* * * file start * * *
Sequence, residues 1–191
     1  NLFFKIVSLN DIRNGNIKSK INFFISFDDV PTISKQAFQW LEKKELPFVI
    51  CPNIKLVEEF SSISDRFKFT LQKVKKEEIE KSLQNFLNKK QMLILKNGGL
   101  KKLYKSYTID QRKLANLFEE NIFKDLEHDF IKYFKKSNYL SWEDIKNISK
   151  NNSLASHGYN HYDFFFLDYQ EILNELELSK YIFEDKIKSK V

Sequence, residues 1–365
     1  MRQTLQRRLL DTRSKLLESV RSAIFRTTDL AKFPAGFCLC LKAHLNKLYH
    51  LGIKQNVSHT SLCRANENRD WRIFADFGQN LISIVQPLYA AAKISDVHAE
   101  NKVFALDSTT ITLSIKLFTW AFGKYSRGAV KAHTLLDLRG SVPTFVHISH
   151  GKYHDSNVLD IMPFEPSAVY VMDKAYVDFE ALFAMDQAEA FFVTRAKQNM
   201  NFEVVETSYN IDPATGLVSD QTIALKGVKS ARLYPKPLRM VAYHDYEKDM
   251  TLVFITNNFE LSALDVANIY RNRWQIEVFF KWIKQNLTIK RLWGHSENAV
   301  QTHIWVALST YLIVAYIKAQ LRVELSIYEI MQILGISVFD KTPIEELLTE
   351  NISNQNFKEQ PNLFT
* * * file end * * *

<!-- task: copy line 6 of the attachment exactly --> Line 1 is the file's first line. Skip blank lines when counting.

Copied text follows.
Sequence, residues 1–365